As we rode off I seem to recall not quite having my usual omph, no doubt the thought of having a bad driver behind me caused nerves which meant I fumbled the clip in 😉 Ho hum, serves him right for being a twat 🙂


  4. If the entry lane is short (eg takes less than 15 seconds to cover it) then that’s more likely a filter lane rather than a cycle lane.

    Personally I think that if we are to take ASLs seriously then the rules of entry need to be made fairer to cyclists so that they CAN cross on the right – as very often you can pass queues of standing traffic and find that some prat had pulled far left to the kerb.

  5. Thank you for the post, although I was aware that the ASL was for cyclists, I did not know that it was not for motor bikers. I have seen many motor bikers use the ASL so they can get a quick start at the lights. Now, are they doing this out of ignorance, I do not know. Unfortunately, I am a car driver, but I do respect that there are other forms of transport on the road, namely cyclists and do leave the ASL for use by cyclists.

    I also agree with Paul on his comments re motor bikers, but as I have said is this through their ignorance. I regret that I also see many car drivers intruding into the ASL, again is it ignorance, or them just being arrogrant.

    But I do believe that all road users should respect each other and all should realise that the road is for all not just for them. Everyone of us should be abiding by the Highway Code.

    This does apply to some cyclists as well, as on a number of occassions I have seen cyclists ignore red traffic lights and they continue through them as though they do not exist. Not only is this illegal, it is also extremely dangerous for the cyclist.

    Tolerence for each other should be practiced, as the roads should be big enough for all of us.

    1. Some do it because they know it is not enforced, others do it because they don’t know what they are. This is primarily because the ASL was added to the road network and highway code after they passed their test, after which people rarely brush up on new things.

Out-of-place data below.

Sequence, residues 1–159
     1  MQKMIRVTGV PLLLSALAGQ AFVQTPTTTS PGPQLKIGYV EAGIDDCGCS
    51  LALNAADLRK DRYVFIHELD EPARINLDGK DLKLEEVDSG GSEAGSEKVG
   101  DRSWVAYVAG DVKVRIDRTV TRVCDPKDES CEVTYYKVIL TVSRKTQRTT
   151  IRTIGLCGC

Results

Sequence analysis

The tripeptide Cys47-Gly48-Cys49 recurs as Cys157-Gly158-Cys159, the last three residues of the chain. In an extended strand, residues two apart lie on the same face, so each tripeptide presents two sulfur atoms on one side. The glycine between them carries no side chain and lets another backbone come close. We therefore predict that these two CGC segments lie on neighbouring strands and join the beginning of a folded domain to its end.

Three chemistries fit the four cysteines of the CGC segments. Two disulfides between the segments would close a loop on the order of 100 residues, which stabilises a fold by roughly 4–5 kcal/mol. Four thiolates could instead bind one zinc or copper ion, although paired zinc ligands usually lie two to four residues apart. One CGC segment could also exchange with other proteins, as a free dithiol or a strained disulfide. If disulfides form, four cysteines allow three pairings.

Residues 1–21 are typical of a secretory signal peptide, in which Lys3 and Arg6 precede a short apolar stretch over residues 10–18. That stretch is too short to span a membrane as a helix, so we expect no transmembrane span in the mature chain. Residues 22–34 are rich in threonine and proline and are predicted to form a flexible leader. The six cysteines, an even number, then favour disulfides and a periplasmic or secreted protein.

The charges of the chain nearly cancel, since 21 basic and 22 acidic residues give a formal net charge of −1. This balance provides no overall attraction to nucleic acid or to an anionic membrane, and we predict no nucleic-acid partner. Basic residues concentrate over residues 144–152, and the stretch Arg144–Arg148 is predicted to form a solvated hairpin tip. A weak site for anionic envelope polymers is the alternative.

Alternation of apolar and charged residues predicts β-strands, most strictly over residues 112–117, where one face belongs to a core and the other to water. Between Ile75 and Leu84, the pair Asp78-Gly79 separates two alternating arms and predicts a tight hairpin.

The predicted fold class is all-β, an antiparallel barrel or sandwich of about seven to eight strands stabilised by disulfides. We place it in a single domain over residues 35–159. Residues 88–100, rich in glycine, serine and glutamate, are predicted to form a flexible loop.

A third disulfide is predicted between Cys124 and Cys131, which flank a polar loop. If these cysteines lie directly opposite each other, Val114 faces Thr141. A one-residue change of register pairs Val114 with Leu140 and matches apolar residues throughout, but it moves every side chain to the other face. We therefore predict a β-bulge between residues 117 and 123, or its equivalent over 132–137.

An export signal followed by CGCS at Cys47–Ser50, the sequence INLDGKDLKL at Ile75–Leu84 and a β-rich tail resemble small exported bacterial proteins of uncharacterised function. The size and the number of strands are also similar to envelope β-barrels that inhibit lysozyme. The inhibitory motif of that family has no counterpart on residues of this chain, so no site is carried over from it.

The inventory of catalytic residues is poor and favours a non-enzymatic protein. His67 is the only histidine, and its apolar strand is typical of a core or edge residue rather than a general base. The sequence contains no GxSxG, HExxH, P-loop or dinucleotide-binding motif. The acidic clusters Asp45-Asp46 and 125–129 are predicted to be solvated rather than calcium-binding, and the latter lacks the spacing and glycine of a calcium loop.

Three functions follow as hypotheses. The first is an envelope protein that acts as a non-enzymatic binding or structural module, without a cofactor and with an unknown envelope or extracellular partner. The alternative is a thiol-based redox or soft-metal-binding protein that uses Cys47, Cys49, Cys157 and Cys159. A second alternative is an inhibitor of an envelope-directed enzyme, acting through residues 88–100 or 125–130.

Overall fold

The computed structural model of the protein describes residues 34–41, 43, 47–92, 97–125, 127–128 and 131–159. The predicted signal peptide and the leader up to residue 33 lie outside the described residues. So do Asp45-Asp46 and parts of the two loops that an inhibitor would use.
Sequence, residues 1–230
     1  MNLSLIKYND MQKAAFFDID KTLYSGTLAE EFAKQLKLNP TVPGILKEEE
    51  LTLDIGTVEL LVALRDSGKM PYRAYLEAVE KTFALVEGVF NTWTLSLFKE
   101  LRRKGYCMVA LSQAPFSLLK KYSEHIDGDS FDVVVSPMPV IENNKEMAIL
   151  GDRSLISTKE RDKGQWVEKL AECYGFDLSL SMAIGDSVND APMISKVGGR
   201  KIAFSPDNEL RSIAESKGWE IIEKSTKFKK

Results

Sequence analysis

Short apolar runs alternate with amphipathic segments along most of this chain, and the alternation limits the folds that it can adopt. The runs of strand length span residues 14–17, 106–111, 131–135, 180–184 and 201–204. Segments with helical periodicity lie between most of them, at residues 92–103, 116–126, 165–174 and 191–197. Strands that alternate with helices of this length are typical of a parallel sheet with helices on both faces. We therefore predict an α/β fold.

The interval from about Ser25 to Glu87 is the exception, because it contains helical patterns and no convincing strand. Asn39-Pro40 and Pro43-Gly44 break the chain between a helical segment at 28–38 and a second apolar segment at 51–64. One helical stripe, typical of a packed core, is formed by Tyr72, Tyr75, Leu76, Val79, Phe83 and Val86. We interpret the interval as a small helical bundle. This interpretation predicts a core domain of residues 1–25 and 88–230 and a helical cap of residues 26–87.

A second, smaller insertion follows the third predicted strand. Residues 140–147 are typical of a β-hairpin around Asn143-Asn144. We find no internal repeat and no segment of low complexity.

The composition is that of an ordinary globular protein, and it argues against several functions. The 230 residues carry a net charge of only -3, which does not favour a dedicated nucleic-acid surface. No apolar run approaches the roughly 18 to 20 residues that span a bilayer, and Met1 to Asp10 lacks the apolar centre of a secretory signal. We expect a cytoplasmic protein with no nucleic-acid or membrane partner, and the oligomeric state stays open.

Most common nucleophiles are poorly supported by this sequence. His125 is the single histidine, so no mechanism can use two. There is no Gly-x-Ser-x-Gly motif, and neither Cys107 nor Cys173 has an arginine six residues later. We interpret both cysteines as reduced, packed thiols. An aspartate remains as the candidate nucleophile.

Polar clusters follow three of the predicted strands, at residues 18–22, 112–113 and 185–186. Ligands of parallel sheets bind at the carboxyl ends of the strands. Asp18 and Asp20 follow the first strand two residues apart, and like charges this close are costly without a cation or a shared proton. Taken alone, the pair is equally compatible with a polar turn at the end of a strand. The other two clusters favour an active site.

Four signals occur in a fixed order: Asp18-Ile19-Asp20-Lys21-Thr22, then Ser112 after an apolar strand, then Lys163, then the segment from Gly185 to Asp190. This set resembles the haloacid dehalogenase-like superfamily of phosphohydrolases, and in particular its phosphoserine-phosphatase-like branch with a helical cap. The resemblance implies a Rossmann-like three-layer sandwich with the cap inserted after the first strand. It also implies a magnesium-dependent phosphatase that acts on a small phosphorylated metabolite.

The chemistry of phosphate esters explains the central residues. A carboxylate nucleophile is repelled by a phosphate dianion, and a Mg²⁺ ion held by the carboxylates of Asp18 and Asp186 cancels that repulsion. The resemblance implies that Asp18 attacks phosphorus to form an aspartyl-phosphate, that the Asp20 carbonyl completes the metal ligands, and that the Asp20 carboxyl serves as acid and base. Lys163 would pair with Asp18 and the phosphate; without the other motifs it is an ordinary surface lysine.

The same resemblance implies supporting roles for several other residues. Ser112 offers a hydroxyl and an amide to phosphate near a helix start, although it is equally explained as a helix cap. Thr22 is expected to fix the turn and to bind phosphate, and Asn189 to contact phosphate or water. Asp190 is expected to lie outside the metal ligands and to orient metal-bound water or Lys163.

6. The law saying you can only enter the ASL by use of the feeder lane is ridiculous and dangerous. It should be changed ASAP.

  7. There are a few boxes without feeder lanes or broken line segments. The problem is in law a car and a bike both being carriages I suspect; That and that the offence is jumping the red, not being in the box. And as such they don’t want to start writing different laws for cycles and cars around red lights…

    1. I think it would be pretty easy, as there are already some laws that only apply to motorised vehicles.

      Just change the law so that crossing the first line on red is only an offence if you are in a motorised vehicle, but crossing the second line on red is an offence for both.

      The feeder lanes are sometimes quite dangerous.

  8. I was taken out in an ASL from behind by a white van man. I reported it to insurance with his reg and was told Knock for knock

  9. Maybe I should have reported the van I saw drive into and stop in the ASL (long after the light had turned red) last night. It first overtook me, a bit too close, then right in front of me drew up beside another van that was already in the ASL in the adjacent lane (to be fair, I can’t be sure that this second van hadn’t previously entered while the light was changing).

    However, the first, clearly rule-breaking, van was a police van, so I figured it wouldn’t go well for me if I tried to report the incident to the occupants of the offending vehicle.

    Seeing _police_ vehicles do this, makes me a bit cynical about the idea of the police taking ASL’s seriously.